Ahoy-hoy, it’s Burl, here to review a picture that underwhelmed me a bit when I saw it in the cinema, but which has doggedly, or dogfishedly, risen in my estimation ever since! That picture is The Life Aquatic with Steve Zissou, and to say that this is one of the most artificial movies Wes Anderson has yet made is to accuse it of no little artifice!
As I watched this recently with my son, he asked me what the movie was about, and ha ha, for him I had no answer! We simply follow Steve Zissou, a self-hating American version of Jacques Cousteau, as he and his international band of misfits search, and film their search, for the enormous jaguar shark that chewed up his friend Esteban! There are many complications, including the appearance of a young man who may or may not be Steve’s son; a bond company stooge along to keep the budget in check; pirates; a pregnant journalist; a crabby wife; and a rival superstar ocean scientist!
But that’s just the plot stuff! Ha ha, the real joys are conceptual or visual or detail-based! All the made-up sea creatures and phenomena, and the crayon-coloured animations of same, are simple delights! The idea of Steve Zissou and his ship, the Belafonte (which is shown to us in great detail thanks to an amazing set), and the extracts from his films, and movie posters for older pictures like The Battling Eels of Antibes and Shadow Creatures of the Lurisia Archipelago, enchant us still deeper into this aqua-centric world!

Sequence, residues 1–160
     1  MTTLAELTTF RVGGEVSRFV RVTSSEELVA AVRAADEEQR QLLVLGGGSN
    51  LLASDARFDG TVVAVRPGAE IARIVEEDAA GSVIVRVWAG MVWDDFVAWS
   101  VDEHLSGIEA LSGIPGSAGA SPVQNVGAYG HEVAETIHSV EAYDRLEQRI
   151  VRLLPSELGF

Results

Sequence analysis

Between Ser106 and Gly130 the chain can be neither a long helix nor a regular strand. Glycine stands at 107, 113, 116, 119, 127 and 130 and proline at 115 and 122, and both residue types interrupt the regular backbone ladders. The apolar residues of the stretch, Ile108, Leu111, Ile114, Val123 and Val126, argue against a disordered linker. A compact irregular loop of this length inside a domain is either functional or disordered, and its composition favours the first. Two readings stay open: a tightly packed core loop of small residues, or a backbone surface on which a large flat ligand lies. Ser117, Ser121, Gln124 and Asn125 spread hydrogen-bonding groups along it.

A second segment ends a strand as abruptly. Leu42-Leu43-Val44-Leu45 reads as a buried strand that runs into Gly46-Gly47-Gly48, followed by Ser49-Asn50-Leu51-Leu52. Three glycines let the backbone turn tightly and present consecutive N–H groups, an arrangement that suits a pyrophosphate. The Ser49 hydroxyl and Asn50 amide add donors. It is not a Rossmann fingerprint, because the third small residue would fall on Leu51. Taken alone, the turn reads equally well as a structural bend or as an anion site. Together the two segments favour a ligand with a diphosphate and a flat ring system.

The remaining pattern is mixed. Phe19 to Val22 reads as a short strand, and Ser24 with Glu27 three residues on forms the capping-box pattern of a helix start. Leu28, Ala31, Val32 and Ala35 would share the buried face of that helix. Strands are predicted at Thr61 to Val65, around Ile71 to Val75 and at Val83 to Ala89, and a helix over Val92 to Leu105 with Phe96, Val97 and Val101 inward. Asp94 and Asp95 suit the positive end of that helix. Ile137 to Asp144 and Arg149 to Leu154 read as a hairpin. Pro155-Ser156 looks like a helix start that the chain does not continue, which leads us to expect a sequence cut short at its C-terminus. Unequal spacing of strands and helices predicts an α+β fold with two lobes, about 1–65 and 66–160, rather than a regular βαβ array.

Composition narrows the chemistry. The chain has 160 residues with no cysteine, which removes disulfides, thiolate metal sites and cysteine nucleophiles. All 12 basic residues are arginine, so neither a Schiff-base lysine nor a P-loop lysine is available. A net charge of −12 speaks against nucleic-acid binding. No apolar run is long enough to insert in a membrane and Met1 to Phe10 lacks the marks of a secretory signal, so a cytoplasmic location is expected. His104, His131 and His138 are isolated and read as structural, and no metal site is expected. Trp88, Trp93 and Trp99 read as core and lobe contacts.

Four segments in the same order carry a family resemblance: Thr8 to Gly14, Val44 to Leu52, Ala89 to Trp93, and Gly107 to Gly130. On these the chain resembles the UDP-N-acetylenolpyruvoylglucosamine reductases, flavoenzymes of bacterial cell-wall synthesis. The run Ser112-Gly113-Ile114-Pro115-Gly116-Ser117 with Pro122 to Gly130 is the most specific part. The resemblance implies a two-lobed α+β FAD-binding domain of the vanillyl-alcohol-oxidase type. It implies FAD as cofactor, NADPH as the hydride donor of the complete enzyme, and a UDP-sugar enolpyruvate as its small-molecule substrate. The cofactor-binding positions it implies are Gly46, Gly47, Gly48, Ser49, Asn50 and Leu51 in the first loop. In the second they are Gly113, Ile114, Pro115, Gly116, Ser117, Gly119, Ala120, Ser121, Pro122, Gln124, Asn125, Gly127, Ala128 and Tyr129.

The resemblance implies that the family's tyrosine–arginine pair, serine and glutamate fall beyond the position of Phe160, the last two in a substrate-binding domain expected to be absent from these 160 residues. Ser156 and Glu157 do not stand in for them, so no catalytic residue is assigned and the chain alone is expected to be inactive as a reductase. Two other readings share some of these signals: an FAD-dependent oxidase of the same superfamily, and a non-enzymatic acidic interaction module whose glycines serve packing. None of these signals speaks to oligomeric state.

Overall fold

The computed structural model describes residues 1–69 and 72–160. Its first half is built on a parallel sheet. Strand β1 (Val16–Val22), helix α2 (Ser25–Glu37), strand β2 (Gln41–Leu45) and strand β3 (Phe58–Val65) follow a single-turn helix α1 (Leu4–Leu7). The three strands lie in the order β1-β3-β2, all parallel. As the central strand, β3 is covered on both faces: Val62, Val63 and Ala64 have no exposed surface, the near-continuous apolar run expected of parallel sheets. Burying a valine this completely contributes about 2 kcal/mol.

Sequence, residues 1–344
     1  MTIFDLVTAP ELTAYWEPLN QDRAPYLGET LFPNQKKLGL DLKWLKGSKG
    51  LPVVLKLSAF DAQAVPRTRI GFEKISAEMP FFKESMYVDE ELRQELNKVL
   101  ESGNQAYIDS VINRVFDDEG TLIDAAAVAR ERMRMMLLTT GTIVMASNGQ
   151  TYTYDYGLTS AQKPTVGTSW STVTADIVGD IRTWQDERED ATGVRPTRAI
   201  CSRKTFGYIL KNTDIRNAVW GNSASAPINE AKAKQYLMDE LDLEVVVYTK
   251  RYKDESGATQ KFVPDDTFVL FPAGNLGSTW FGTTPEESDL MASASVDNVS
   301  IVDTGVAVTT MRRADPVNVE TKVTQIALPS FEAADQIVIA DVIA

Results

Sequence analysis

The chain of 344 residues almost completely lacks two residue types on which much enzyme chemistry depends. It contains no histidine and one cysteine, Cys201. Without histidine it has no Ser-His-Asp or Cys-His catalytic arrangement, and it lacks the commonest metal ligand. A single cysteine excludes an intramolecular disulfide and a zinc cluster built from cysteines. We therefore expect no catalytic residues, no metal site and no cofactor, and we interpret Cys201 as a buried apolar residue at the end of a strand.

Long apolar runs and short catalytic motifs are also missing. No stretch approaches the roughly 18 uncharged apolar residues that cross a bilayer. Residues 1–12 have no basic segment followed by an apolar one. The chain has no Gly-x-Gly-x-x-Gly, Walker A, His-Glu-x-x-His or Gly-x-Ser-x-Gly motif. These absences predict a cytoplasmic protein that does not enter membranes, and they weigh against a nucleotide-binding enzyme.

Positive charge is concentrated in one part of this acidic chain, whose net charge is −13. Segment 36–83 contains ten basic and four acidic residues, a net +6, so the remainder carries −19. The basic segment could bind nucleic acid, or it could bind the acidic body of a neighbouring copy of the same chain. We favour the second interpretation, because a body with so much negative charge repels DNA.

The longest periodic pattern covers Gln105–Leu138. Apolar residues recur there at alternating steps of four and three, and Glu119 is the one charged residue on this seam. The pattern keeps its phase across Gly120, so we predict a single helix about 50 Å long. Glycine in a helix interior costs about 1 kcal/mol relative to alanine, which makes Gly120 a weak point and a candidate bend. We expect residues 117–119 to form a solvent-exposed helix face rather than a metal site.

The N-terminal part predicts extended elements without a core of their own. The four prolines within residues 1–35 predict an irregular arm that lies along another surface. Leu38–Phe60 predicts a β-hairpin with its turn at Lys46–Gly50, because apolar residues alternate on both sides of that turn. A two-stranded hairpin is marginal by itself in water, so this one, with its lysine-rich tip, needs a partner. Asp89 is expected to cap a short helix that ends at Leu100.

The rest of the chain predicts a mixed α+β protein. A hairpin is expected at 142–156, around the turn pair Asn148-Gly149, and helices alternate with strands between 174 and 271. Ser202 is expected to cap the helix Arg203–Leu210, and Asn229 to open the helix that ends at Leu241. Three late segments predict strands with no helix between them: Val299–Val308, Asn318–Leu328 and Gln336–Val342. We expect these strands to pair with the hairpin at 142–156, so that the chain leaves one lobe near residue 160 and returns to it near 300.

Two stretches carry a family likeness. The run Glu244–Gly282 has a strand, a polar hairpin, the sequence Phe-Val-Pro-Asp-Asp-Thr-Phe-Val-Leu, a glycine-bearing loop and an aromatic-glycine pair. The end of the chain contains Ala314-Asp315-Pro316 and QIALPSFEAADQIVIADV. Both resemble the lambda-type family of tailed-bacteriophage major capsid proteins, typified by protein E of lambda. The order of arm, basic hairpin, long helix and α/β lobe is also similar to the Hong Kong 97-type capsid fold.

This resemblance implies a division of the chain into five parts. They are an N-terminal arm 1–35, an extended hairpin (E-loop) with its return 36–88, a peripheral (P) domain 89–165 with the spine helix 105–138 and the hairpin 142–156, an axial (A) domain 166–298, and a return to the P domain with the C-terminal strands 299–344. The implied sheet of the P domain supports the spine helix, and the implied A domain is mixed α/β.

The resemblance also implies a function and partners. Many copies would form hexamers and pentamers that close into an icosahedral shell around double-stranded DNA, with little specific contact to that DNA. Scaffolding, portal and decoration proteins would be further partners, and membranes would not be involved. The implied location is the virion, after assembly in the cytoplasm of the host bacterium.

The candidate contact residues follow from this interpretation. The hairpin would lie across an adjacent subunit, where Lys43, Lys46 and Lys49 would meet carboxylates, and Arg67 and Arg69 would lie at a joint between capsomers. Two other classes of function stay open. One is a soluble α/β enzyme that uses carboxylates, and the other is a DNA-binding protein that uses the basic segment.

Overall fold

And the cast is large and spectacular! Bill Murray makes a good Zissou, and Owen Wilson seems to be channeling Val Kilmer’s performance in Tombstone, but with less cynicism and coughing! There’s Willem "Streets of Fire" Dafoe, hamming it up as a needy German; Jeff "Into the Night" Goldbum doing it up right as the part-gay rival; Anjelica Huston underplaying to a fault as the wife; Michael Gambon smooth as paste playing the type of producer most of us in the movie business have met; But Cort as the bond company stooge; and Cate Blanchett all nervy as the reporter! There’s a sweet cameo from Seymour "Eye of the Tiger" Cassel in the role of Esteban, which makes you wish there were more of him in the movie, maybe in flashback form!
Of course none of the characters seem quite real, which makes it hard to connect with the personal drama in the story! Anderson’s patented attempts at pathos through slow timing and understated delivery might do the job in the moment, but they don’t manage much depth, or hit home on an emotional level, except occasionally! “I hated fathers and never wanted to be one,” says Steve at one point, and one can sort of understand that sentiment even if one doesn’t share it!The picture may not plough deep, but it ploughs smoothly and provides many joys along the way! It tries a little too hard to put an emotional punching on us, but that’s something Anderson has gotten better and subtler at as he goes along, so it didn’t bother me much here! Ha ha, I guess I applied some kind of latent maturity filter to my viewing! Anyway, it’s a fun picture and a very funny one too, and piled high with good music, fulsome performances, and an end credits sequence charmingly borrowed from The Adventures of Buckaroo Banzai! Ha ha! I give The Life Aquatic with Steve Zissou three rubber tides!
I know what you mean, this does improve on second viewing. I like to think Anderson was inspired to make this after seeing the Jacques Cousteau documentary The Silent World, where he and his crew act like maniacs, abusing and slaughtering sea life left, right and centre. I think it won an Oscar!ReplyDelete